Bryophytes, the first plants to grow on land, include three distinct lineages: mosses, liverworts, and hornworts. These non-vascular plants lack roots, flowers, seeds, and a defined system of tissues for transporting fluids. They reproduce by single-celled spores or form new plants by vegetative means. Lacking roots, bryophytes are not restricted to growing in soil; many bryophytes are quite content to grow on rock surfaces.
Starting in 2011, John Brinda and Lloyd Stark of University of Nevada Las Vegas have been leading an effort to inventory Joshua Tree National Park's bryophyte diversity. To date, Dr. Brinda has made 312 collections from over 30 sites in the park. He has documented 50 different species of mosses (representing 12 families and 28 genera) and four species of liverworts, one of which is considered new for California.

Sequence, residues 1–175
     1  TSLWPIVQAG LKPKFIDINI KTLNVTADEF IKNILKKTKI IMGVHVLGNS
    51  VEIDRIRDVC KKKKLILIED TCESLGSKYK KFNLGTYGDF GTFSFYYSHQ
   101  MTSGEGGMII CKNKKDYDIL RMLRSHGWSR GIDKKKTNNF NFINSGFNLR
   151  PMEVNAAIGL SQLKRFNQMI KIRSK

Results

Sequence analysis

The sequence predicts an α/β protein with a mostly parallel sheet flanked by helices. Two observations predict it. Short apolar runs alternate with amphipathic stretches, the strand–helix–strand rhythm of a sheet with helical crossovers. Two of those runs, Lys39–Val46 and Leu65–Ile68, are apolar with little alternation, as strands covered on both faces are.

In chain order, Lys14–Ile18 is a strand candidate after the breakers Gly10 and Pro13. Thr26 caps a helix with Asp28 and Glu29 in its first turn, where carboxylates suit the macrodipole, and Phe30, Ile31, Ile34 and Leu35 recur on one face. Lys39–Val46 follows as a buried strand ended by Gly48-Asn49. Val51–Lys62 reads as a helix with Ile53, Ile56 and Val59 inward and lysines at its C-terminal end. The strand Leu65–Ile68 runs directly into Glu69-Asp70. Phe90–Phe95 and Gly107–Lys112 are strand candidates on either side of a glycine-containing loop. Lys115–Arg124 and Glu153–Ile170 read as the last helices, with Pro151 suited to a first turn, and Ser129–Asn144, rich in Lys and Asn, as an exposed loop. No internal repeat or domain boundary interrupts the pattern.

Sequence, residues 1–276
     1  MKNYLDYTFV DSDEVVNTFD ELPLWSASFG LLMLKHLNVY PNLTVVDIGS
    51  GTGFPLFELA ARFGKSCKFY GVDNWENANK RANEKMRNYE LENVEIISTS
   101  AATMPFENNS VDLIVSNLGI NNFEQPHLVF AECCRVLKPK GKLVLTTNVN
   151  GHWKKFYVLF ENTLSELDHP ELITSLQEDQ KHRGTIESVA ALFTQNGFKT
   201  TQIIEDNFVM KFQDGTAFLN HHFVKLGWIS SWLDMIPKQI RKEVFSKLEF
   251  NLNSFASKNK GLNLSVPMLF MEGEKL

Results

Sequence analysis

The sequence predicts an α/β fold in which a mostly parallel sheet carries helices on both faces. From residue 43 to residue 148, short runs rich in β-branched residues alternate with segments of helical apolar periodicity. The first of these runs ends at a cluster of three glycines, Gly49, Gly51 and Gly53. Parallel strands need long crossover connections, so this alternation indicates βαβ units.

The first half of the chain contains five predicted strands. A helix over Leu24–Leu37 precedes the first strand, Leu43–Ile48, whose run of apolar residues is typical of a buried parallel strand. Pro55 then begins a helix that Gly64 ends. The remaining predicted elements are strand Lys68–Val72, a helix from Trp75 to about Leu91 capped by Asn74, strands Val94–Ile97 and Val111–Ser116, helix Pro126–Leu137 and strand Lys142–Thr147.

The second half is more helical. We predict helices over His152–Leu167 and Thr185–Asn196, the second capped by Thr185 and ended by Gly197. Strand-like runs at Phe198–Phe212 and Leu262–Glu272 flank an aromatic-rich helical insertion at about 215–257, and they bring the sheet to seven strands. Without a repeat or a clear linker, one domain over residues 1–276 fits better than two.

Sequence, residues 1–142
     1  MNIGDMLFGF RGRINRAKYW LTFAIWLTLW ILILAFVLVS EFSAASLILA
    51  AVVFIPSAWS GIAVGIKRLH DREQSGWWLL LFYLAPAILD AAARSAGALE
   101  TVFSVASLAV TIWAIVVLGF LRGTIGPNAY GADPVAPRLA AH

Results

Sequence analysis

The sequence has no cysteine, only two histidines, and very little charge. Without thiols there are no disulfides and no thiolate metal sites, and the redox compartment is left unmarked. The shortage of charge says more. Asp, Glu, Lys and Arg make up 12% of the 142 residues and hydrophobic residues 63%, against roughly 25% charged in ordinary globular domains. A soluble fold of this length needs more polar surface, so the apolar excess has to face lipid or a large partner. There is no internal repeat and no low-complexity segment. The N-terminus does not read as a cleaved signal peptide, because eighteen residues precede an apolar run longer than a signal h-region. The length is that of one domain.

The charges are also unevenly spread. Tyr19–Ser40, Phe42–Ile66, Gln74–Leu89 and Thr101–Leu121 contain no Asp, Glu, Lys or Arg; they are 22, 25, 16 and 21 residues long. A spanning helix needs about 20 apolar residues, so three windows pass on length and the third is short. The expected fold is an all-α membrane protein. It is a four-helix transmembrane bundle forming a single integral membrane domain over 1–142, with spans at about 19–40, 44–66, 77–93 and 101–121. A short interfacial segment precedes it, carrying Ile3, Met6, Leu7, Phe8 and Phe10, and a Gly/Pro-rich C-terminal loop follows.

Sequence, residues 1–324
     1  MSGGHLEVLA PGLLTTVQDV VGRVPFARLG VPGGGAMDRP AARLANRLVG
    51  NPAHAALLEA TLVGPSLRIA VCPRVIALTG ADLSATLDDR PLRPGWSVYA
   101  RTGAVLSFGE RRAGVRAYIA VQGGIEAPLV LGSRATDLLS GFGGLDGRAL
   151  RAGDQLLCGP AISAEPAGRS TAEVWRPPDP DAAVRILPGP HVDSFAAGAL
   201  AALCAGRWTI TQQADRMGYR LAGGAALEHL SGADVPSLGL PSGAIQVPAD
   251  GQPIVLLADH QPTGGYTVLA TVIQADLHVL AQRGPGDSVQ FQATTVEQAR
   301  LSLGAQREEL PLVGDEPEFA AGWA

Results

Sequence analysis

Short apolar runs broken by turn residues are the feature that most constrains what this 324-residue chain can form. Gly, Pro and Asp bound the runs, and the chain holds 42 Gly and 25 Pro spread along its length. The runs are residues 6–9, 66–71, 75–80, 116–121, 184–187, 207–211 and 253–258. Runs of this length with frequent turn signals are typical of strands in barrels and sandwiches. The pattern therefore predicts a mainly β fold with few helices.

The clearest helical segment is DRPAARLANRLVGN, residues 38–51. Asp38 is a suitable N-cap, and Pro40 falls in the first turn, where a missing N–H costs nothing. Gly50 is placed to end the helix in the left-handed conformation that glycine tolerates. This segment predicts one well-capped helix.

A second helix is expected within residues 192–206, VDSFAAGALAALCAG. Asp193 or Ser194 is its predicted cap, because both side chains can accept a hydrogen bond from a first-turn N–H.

Did You Know?
Humans have occupied the area encompassed by Joshua Tree National Park for at least 5,000 years. The first group known to inhabit the area was the Pinto Culture, followed by the Serrano, the Chemehuevi, and the Cahuilla. More...